As Manager of Admissions for an NHS hospital, Beth is desperate to find a way to free up more beds for sick patients. Over a series of secret tutoring sessions, and with the help of a professor and her husband, Beth discovers that it is possible to achieve system-wide improvements through the application of Eli Goldratt's Theory of Constraints.
Meet John Downs. He's a new MBA graduate who's landed a job with a strategy consultancy. His engagement team is on a mission: help HGS Inc., a specialty chemicals firm, define and execute a strategy for exploiting a textile technology the company developed. John and his team deploy state-of-the-art strategy tools to analyze the attractiveness of potential markets for the technology. But they soon realize the tools don't help them grapple with the human side of strategy--including political forces swirling within HGS. Everyone involved in the engagement is biased and insecure, brilliant and hardworking, selfish and lazy, loyal and dedicated. John and his cohorts aren't "real"--What I Didn't Learn in Business School is a business novel. But they're realistic: they're just like us. Their story reveals the limitations of strategy tools and demonstrates tactics for navigating the messy, human dynamics that can make or break a company's strategy efforts. This engaging book uses the power of story to present potent lessons for anyone seeking to excel at strategy management. It's a compelling read--whether you're an MBA grad struggling to apply what you learned or in the fray and eager to see what MBAs get wrong when they land in the real world.
Software is becoming more and more important across a broad range of industries, yet most technology executives struggle to deliver software improvements their businesses require. Leading-edge companies like Amazon and Google are applying DevOps and Agile principles to deliver large software projects faster than anyone thought possible. But most executives don t understand how to transform their current legacy systems and processes to scale these principles across their organizations. Leading the Transformation is executive guide, providing a clear framework for improving development and delivery. Instead of the traditional Agile and DevOps approaches that focus on improving the effectiveness of teams, this book targets the coordination of work across teams in large organizations an improvement that executives are uniquely positioned to lead."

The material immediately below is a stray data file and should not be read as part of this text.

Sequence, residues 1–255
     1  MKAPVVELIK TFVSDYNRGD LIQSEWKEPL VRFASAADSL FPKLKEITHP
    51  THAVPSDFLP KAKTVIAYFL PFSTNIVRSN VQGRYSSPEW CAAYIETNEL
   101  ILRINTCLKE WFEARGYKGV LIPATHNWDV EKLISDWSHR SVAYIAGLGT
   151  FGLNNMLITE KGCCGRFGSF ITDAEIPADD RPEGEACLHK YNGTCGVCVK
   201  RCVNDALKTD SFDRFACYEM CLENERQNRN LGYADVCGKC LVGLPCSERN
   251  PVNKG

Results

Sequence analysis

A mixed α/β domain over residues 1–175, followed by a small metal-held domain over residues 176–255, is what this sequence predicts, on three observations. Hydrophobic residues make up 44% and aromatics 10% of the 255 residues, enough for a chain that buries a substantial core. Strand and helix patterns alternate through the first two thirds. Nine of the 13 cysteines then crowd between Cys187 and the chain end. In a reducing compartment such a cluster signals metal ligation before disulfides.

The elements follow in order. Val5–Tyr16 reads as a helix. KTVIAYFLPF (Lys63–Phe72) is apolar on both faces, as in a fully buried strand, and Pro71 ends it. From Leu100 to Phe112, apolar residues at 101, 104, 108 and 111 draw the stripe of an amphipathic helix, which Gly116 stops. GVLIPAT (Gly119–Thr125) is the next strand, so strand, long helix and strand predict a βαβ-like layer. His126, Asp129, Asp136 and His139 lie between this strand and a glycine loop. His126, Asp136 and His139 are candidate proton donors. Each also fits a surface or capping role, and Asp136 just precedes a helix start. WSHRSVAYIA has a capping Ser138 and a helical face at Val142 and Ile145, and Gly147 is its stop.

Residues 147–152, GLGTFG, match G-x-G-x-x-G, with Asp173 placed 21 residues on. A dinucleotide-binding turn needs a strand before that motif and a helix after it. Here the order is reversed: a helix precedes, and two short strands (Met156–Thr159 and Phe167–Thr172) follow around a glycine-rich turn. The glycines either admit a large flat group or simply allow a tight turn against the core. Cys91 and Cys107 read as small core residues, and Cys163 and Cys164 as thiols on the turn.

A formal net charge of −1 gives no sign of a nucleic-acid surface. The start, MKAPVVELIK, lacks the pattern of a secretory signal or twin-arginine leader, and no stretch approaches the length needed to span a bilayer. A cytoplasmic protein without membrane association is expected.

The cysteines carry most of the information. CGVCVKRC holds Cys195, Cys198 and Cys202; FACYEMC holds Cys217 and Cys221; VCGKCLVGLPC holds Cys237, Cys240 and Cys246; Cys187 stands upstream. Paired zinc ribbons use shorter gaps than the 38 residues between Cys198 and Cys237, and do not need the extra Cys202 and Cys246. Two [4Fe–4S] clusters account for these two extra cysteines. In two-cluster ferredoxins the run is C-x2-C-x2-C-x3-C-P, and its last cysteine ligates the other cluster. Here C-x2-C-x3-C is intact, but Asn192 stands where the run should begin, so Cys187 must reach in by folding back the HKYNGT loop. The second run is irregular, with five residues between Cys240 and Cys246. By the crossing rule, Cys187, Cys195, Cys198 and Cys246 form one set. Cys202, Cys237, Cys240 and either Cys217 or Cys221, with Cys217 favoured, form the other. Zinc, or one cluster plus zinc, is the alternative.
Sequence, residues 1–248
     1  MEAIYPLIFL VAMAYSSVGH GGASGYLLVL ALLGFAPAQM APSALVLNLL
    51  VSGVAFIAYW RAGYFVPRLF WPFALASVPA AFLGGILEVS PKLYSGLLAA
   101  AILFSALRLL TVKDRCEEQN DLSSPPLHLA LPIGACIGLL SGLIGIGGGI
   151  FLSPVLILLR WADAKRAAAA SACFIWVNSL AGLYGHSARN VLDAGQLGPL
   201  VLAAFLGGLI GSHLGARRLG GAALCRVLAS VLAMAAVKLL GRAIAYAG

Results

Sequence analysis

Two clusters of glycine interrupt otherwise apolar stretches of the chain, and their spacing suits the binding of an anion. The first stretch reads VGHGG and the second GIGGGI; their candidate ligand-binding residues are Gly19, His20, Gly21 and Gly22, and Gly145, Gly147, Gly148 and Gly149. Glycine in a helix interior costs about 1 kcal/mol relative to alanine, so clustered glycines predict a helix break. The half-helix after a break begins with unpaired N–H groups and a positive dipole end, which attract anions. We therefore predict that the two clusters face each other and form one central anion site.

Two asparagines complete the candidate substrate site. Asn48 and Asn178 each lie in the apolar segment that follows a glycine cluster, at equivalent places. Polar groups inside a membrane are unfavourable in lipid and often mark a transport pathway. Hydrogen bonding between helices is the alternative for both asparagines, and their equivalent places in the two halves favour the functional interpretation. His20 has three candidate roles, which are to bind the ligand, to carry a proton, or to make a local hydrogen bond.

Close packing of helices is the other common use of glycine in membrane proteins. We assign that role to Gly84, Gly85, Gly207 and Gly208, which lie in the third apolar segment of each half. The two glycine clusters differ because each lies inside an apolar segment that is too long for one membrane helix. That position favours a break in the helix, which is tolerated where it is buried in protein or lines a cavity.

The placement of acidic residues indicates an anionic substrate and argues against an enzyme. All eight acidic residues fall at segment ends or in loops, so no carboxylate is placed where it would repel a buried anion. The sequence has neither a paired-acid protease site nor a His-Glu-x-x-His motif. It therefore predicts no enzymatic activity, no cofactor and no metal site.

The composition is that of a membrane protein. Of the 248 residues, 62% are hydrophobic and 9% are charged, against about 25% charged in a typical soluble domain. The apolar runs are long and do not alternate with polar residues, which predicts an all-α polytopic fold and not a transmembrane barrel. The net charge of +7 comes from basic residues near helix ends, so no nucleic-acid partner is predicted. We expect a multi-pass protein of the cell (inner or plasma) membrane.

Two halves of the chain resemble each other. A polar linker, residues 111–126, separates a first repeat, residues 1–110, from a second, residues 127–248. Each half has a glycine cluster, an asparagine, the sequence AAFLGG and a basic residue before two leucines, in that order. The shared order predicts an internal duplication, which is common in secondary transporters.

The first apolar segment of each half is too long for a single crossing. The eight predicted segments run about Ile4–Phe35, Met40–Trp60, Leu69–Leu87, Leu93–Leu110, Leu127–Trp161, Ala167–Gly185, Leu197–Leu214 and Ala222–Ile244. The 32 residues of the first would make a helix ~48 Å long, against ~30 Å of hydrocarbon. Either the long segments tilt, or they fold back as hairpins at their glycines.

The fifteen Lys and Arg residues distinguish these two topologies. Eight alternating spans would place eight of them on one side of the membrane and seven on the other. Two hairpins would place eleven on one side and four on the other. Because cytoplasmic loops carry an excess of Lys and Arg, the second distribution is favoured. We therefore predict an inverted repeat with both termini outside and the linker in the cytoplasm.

After reading the newspapers and following the sharp oscillations of the stock market, it becomes apparent that hi-tech companies are of a different breed. Never before have the chances of making a fortune been so realistic and never before have large companies been so fragile. What is really going on inside these hi-tech companies? What types of pressures and challenges are they facing? And how do they cope? Computer software providers, especially the ones that specialize in handling the data needs of organizations, are prime examples of these volatile companies. In the dollar giants. No wonder investors were attracted. In 1998 it was easy for such companies to raise as much money as they wanted. But now, investment funds have dried up. Why? And more importantly, is there a way to reverse the trend? This book gives the answers.
A must for every manager concerned with meeting the challenges of the 21st century. You'll see the differences between data and information in a new light, and understand precisely how misunderstanding those differences can affect the quality of your decision-making process. Starting with the structure of an organization, 'The Haystack Syndrome' ends with a detailed description of the logic that must underpin the information system for any organization to maximize effectiveness. Part One - Formalizing the Decision Process - Defining the goal, the measurements, and how to continuously improve the whole system - the Theory of Constraints; Part Two - The Architecture of an Information System - Dealing with information as it relates to the real world; quantifying Murphy, the time-buffer concept, directing process improvements, measuring local performance; Part Three - Scheduling - how to implement a real process of ongoing improvement requiring interplay between the system and the manager, resolving all conflicts, considering capacity and protection.